celebrity jewsby nate bloom
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Actress Rena Sofer is a spectacularly beautiful woman. She is also intelligent and has good comedic timing. Why can't a network, therefore, find a prime-time show that she can be in for more than a season? NBC just pulled the plug on her series, "Coupling," despite heavy pre-season promotion. Sofer, who has joked that she is "a wandering Jew," after being in several other short-lived series, is wandering again.
"Coupling" turned out to be
an unfunny, smarmy show about young adult relationships. The
back-story on the show is interesting. It was based on a British show that was a clear rip-off of "Friends." The Brit version of "Coupling," English critics wrote, isn't nearly as good as "Friends," but it has some British references that charmed British audiences. NBC bought the "Coupling" scripts and hardly changed them — except for taking out the British inside jokes.
Many British critics were surprised that NBC picked up "Coupling," pointing out that American situation and musical comedies are, on average, much better than their Brit counterparts. (Maybe because we have a lot larger Jewish population than Britain. Musical and situation comedy just happen to be among the most heavily Jewish areas in American show business.)
So why import this chazerai? Well, NBC was desperate to find a replacement for "Friends" and it was looking for racy material to compete with the hit shows on HBO that attract young adults. Unlike HBO, however, it wasn't going to take a chance on an original comedic mind like that of Larry David.
On paper, "Coupling" seemed like a safe bet — it was a "Friends" clone and was a British hit. I guess they figured that a large enough audience would giggle at any sex joke and just stare at Sofer's shanah punim. Wrong.
NBC is showing what it calls "supersized" versions of its hit Thursday night shows ("Friends," "Scrubs" and "Will and Grace") until it can find a replacement series for "Coupling." About to be physically supersized is "Will and Grace" star Debra Messing, 35, who is a couple of months pregnant.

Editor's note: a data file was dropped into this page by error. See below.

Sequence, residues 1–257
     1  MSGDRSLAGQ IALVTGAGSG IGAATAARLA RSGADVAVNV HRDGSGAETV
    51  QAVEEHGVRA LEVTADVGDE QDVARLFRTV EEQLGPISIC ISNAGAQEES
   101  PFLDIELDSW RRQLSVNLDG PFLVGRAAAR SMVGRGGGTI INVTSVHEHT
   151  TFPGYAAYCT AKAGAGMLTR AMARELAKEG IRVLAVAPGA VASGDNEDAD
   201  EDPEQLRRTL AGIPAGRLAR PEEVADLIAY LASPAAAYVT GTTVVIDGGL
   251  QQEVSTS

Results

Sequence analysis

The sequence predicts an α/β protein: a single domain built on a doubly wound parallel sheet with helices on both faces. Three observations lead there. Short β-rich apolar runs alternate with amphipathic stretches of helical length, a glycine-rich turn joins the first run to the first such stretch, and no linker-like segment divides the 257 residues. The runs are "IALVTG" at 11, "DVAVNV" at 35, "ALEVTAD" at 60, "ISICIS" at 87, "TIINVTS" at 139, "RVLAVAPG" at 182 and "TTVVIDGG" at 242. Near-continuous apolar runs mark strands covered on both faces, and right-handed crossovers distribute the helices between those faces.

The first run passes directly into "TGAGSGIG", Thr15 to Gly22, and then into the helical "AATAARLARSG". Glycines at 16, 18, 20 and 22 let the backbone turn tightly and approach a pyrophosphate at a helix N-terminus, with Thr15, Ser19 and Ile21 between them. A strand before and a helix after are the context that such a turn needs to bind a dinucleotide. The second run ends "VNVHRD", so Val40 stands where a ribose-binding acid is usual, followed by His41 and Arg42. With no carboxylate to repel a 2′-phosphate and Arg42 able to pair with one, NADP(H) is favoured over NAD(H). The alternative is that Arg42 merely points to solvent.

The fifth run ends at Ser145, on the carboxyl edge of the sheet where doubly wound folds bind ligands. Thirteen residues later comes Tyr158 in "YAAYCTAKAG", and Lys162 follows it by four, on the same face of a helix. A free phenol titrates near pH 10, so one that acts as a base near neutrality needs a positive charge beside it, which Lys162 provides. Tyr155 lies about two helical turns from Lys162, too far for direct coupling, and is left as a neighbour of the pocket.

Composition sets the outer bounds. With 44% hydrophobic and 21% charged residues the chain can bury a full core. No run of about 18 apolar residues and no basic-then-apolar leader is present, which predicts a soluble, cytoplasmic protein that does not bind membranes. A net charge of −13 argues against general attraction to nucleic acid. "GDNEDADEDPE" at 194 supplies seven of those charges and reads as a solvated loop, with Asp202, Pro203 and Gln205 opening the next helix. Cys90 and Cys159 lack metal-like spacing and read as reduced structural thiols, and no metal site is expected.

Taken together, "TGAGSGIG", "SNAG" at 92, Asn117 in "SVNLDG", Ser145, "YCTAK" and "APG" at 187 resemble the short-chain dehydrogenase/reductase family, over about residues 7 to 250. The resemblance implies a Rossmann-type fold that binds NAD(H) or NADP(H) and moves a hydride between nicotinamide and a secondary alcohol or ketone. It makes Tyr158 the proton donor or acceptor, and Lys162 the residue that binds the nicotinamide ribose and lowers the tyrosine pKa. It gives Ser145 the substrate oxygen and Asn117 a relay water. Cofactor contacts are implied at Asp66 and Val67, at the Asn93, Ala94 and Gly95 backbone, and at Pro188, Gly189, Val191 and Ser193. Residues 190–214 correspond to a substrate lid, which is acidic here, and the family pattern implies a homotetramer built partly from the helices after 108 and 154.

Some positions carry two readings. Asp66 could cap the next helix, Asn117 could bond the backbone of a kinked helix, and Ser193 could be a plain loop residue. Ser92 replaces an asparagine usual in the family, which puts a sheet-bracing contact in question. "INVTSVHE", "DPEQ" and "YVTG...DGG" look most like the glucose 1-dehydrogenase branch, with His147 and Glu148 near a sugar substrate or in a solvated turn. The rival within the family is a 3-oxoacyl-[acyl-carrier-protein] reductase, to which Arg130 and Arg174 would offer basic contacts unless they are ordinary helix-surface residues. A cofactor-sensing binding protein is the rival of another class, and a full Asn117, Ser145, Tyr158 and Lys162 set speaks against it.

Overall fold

Widely published reports say that Messing's health was seriously sub-par during the first month of her pregnancy, but she appears to be doing better. However, her role on the show will be reduced during the course of her pregnancy. This is the first child for Messing and her Jewish husband, actor/writer Daniel Zelman, 36.
A star of Tamara?
A number of Jewish actresses have appeared in the mega-soap opera "General Hospital" since it began in 1961. They include Sofer, who won a daytime Emmy in the show; Jackie Zeman, 50, who has played Nurse Bobbie Spencer since 1977; and Sarah Brown, 28, a Jew-by-choice, who won three daytime Emmys playing the conniving and beautiful Carly Corinthos before leaving the show
Brown was replaced by Tamara Braun, who took over the role of Carly. (Since braun means "brown" in German, and both actresses are blonde and Jewish, the coincidences are striking.)
Braun, 32, is a pretty actress who grew up in Chicago. She studied acting in London and quickly landed work in commercials after returning to the States. Braun moved to Los Angeles in 1995, and made guest appearances on a number of TV shows before being cast in her co-starring role on "General Hospital."
Braun's cousin, Holocaust educator and playwright Susan Prinz Shear, was recently profiled by dailycamera.com, which covers the city of Boulder, Colo. Shear's play "No Way Out," starring Braun, was performed in Boulder late last month. Previously, it was presented in workshops and at the U.S. Holocaust Memorial Museum in Washington. It is based on a trove of 500 letters between Shear's aunt Gerda, who lived in Nazi Germany, and her American relatives. They detail Gerda's desperate attempts to get her family out.
Such a large collection of letters is unusual, and they provide a very rare window into an entire extended family's emotions. Braun's 87-year-old grandfather, who is a character in the play, attended the Boulder performance.
Shear hopes that the play will eventually be made into a TV mini-series or film.
Nate Bloom is the Oakland-based editor of http://www.Jewhoo.com.
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